Explore work-study opportunities
Work-study is a government-funded program that helps students in financial need find work, often on campus, to help pay for their education costs. Your FAFSA application will ask if you are interested in the program and then assess your eligibility.
Press Federal Student Loans
Before you turn to private loans and even parents PLUS, use federal student loans. Importantly, these have protections that are not provided by other types of loans.
Borrow only what you need
It may be tempting to accept every loan that comes your way, but you’ll only be digging yourself a deeper hole than necessary. When you receive your financial aid from the school, accept only enough money to cover your expenses.
Hold on when the going gets tough
Repayment of student loans, regardless of type, is made easier with higher income. And earning a degree makes that income more accessible. The most recent graduation rate among undergraduates is 63%, according to the Department of Education, suggesting that many students leave college with debt but without a degree.
If your goal is to graduate, talk to your advisor or the Student Services Department when you are having difficulty or are at risk of dropping out. Although getting a degree is not the right decision for everyone, leaving should only be done after careful consideration of all the implications.
Projected college enrollment, the percentage of students who receive student loans, and the amount of debt for the high school class of 2022 were calculated using data from the National Center for Education Statistics.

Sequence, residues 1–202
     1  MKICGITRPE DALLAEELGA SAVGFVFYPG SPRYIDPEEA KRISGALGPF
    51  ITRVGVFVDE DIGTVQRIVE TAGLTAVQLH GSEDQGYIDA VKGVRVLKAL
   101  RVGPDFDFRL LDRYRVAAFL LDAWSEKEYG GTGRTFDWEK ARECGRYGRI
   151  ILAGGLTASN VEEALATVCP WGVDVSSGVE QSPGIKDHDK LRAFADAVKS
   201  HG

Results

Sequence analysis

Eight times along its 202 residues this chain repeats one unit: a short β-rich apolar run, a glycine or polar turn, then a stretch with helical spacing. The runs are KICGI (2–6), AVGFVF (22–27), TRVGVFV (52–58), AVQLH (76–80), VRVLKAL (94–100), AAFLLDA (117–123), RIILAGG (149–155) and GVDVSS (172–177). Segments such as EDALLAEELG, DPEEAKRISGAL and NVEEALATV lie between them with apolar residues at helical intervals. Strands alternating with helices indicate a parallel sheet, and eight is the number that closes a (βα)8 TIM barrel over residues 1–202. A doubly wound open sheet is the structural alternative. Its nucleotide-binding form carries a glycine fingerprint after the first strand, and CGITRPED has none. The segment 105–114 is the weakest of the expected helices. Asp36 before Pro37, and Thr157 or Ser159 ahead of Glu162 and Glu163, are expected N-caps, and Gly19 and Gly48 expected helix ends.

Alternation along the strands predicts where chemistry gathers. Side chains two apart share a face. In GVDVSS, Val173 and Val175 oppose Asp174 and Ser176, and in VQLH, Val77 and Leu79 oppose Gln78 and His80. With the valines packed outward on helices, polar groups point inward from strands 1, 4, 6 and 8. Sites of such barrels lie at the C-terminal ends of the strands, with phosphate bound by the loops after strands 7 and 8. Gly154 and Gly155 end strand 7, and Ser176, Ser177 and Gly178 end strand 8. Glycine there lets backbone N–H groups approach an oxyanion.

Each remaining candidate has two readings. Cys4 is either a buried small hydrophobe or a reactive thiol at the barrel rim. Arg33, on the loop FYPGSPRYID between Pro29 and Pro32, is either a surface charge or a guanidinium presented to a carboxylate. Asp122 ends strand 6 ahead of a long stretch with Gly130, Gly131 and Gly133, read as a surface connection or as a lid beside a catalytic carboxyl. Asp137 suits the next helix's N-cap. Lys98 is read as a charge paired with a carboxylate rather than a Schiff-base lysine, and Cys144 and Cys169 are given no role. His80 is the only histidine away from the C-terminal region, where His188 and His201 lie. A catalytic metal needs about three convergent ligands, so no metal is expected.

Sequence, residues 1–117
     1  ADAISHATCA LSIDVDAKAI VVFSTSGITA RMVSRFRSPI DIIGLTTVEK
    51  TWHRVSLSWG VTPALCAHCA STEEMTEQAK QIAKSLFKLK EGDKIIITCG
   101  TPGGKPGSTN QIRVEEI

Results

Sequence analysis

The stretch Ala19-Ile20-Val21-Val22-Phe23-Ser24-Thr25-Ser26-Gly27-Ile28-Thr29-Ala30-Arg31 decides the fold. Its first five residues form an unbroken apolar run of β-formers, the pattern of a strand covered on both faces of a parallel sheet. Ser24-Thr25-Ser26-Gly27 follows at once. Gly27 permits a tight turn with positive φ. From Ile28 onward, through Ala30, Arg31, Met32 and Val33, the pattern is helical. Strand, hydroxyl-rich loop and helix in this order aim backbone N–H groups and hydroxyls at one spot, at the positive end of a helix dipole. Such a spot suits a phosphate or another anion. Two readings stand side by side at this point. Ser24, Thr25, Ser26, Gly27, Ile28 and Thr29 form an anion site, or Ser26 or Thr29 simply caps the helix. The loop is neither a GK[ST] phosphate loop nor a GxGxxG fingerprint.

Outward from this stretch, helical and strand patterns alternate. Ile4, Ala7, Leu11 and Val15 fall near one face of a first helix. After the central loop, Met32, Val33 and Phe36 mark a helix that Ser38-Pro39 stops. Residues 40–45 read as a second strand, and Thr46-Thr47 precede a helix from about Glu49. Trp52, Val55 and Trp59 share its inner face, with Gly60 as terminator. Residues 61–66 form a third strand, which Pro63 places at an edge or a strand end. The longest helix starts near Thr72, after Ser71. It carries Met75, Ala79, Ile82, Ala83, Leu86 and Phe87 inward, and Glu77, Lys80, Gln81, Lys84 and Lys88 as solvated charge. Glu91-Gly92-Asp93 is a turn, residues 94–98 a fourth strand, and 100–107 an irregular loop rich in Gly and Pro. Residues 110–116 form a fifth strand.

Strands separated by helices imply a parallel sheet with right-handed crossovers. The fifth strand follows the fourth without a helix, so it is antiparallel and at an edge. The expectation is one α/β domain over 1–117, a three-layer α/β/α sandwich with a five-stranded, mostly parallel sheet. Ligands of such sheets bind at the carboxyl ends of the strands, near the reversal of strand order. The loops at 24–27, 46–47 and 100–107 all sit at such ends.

These projections represent a conservative estimate as they focus only on four-year public institutions. Private non-profit and for-profit institutions generally have higher student loan disbursement rates and higher loan amounts, on average, compared to public institutions.
The average student loan amount in the analyzed group increased by 5.3% per year from 2000 to 2005 and by 8% per year from 2005 to 2010. The variation in loan amounts slowed considerably from 2010 to 2019 to reach a 1.8% year-over-year rate, which includes inflation and is the most recent data available. This analysis assumes this continued conservative growth rate (1.8%) from 2019.
The analysis assumes that a student who takes out a student loan will borrow every year of their undergraduate career.
The calculations assume a five-year undergraduate career, based on estimates of the average time required to earn a bachelor’s degree from the National Student Clearinghouse.